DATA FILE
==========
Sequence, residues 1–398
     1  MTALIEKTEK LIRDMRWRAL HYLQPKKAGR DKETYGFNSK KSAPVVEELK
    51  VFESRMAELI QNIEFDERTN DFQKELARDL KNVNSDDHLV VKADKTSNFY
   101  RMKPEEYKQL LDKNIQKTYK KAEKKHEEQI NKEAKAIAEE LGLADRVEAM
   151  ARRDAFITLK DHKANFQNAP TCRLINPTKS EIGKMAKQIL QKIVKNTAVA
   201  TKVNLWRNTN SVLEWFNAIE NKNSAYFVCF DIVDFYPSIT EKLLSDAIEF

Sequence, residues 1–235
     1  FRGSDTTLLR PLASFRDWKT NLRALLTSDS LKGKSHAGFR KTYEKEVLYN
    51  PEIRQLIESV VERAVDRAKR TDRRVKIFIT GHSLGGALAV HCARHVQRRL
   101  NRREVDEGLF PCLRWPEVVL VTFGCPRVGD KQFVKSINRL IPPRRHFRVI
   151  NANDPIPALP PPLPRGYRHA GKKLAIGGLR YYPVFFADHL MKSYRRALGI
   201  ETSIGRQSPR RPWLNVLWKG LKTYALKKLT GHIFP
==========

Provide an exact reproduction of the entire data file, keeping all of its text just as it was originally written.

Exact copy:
Sequence, residues 1–398
     1  MTALIEKTEK LIRDMRWRAL HYLQPKKAGR DKETYGFNSK KSAPVVEELK
    51  VFESRMAELI QNIEFDERTN DFQKELARDL KNVNSDDHLV VKADKTSNFY
   101  RMKPEEYKQL LDKNIQKTYK KAEKKHEEQI NKEAKAIAEE LGLADRVEAM
   151  ARRDAFITLK DHKANFQNAP TCRLINPTKS EIGKMAKQIL QKIVKNTAVA
   201  TKVNLWRNTN SVLEWFNAIE NKNSAYFVCF DIVDFYPSIT EKLLSDAIEF

Sequence, residues 1–235
     1  FRGSDTTLLR PLASFRDWKT NLRALLTSDS LKGKSHAGFR KTYEKEVLYN
    51  PEIRQLIESV VERAVDRAKR TDRRVKIFIT GHSLGGALAV HCARHVQRRL
   101  NRREVDEGLF PCLRWPEVVL VTFGCPRVGD KQFVKSINRL IPPRRHFRVI
   151  NANDPIPALP PPLPRGYRHA GKKLAIGGLR YYPVFFADHL MKSYRRALGI
   201  ETSIGRQSPR RPWLNVLWKG LKTYALKKLT GHIFP